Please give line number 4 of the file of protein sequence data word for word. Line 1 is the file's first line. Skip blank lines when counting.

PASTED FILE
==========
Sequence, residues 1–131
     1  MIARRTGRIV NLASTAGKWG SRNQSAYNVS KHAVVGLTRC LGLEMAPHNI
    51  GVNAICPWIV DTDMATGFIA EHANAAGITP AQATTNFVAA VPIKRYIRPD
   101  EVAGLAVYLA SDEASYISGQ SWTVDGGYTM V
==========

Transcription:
   101  EVAGLAVYLA SDEASYISGQ SWTVDGGYTM V